Essay On Culture And Culture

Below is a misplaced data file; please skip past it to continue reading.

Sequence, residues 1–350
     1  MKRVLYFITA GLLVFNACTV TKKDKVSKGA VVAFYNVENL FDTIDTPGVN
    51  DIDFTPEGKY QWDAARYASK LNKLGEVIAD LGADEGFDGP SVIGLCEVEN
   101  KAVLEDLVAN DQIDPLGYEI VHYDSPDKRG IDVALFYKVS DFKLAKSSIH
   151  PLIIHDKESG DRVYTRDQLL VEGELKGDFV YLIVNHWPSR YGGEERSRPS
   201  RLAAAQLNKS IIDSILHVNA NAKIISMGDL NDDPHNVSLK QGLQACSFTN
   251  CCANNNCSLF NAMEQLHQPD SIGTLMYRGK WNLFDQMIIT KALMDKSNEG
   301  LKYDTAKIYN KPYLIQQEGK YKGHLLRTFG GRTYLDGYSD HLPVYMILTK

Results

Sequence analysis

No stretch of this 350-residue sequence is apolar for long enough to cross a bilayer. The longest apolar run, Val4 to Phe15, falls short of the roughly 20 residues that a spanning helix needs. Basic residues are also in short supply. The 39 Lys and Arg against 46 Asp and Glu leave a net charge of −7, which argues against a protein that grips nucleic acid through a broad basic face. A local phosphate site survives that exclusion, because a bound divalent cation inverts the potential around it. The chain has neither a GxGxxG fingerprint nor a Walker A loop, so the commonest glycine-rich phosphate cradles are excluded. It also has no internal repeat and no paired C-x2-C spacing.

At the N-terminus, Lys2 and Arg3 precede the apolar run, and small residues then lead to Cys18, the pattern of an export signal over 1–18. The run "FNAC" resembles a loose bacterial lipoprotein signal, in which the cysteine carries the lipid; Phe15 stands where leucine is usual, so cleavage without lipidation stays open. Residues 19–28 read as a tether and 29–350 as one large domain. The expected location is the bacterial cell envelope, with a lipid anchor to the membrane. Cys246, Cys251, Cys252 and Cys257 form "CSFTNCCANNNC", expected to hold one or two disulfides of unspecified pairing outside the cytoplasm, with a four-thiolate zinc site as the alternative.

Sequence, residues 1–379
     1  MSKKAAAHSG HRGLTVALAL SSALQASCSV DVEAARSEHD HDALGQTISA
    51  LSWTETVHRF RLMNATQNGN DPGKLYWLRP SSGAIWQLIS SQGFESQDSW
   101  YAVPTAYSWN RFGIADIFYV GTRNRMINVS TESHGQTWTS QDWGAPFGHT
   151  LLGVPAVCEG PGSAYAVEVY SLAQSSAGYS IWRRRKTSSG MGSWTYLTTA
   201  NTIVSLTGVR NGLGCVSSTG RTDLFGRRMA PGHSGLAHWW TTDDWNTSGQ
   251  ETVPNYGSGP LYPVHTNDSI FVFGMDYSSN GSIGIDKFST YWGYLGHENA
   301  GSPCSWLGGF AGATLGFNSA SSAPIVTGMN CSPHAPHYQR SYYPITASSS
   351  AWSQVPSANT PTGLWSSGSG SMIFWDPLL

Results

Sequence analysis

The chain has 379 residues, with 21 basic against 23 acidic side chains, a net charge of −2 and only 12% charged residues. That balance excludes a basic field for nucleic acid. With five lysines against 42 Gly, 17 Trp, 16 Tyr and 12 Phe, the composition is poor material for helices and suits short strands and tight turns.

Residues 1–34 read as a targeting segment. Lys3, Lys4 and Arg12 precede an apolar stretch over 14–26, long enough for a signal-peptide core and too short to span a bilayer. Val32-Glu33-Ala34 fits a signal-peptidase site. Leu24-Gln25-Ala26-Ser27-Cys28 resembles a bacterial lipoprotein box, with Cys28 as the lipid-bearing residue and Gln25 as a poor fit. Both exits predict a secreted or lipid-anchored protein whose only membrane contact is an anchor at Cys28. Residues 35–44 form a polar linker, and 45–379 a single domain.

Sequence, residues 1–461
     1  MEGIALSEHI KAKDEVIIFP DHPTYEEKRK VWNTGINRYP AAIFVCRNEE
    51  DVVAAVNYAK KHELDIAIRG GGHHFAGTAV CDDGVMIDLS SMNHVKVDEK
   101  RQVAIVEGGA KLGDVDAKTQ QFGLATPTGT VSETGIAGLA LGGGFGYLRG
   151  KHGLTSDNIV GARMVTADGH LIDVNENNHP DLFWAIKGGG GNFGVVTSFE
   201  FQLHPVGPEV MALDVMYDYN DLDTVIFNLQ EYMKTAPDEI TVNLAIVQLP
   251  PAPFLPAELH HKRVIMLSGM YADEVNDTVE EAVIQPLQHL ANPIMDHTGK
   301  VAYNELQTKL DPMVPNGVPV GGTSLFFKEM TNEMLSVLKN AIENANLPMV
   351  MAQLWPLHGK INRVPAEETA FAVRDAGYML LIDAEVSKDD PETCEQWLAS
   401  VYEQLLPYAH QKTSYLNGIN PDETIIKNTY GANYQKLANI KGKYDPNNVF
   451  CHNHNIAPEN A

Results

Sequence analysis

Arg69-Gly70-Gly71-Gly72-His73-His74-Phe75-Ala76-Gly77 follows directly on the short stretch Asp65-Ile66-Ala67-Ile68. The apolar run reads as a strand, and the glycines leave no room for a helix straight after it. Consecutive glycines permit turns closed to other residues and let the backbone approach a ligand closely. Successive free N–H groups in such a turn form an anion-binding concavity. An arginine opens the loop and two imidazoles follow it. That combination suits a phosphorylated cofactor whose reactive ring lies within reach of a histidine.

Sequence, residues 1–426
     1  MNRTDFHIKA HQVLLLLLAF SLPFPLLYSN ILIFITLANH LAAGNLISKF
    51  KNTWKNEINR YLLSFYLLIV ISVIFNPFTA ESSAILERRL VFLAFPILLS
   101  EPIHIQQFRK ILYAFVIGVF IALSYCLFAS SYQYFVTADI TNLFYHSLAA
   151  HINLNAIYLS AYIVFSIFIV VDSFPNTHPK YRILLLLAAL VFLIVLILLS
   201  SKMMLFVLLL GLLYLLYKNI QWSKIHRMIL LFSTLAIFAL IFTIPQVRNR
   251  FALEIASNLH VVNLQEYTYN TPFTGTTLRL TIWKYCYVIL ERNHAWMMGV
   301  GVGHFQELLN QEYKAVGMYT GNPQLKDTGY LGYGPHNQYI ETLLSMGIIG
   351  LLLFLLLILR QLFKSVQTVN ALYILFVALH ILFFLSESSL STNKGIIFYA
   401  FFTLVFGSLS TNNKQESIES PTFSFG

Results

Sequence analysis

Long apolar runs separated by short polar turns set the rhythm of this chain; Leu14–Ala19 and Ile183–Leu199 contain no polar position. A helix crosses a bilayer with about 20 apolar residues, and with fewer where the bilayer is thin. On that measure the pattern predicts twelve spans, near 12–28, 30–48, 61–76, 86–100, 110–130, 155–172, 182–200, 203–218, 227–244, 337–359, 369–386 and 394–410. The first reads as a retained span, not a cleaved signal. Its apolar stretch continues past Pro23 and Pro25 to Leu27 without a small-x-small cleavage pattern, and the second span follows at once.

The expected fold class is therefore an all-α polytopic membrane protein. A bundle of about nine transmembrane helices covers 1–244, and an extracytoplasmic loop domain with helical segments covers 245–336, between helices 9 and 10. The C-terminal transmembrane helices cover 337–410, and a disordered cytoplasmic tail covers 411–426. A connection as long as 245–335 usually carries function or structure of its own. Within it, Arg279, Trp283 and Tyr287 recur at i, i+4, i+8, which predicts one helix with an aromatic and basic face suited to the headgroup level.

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From an anthropological point of view culture is the set of learned behaviors and ideas (including beliefs, attitudes, values and ideals) that are characteristic of a particular society or any other social group. Although most people that live in a shared society consider themselves to be unique individuals with their own habits and opinions, the truth is most people that live within the same society have similar beliefs, habits and feelings (Turner, 1993). If a person lives in Australia, they are more than likely going to believe that it is normal for both men and woman in a partnership to be working fulltime jobs, that children should be going to school five days a week and they will have the habit of sleeping on a bed. Most people wouldn’t think about these similarities they have with their shared society because they feel ‘natural’. This is what is meant by culture. The word culture has many different meanings, but for anthropologists, culture is the learning of human behavior patterns. English Anthropologist Edward B. Tylor was the first to use this term in this way, in his book, Primitive Culture’ in 1871. Tylor said that culture is "that complex whole which includes knowledge, belief, art, law, morals, custom, and any other capabilities and habits acquired by man as a member of society.” Humans have changed or replaced traditional behaviors throughout history to suit their needs; this is obvious when you examine the history of a society. Culture is always changing because culture comprises of cultured patterns of behavior and belief, cultural traits can be unlearned and learned again as human needs differ. The foundations of change can be external and/or internal (Kottak, 2011). The type of group within which cultural beha... ... middle of paper ... ...a culture, they generally are referring to the cultural patterns of a specific society—that is, a specific territorial populace communicating a language not generally understood by near territorial populaces (Rapport & Overing, 2013). Though other creatures show cultural behavior, humans are uncommon in the amount and complexity of the learned patterns that they communicate to their young. And they have a distinctive way of transmitting their culture: through spoken, symbolic language. Culture refers to the entire way of life of any society, not simply to those parts of this way that the society regards as greater or more desirable. We must remember that, even when anthropologists refer to something as cultural, there is always individual variation, which means that not everyone in a society shares a particular cultural characteristic of that society.

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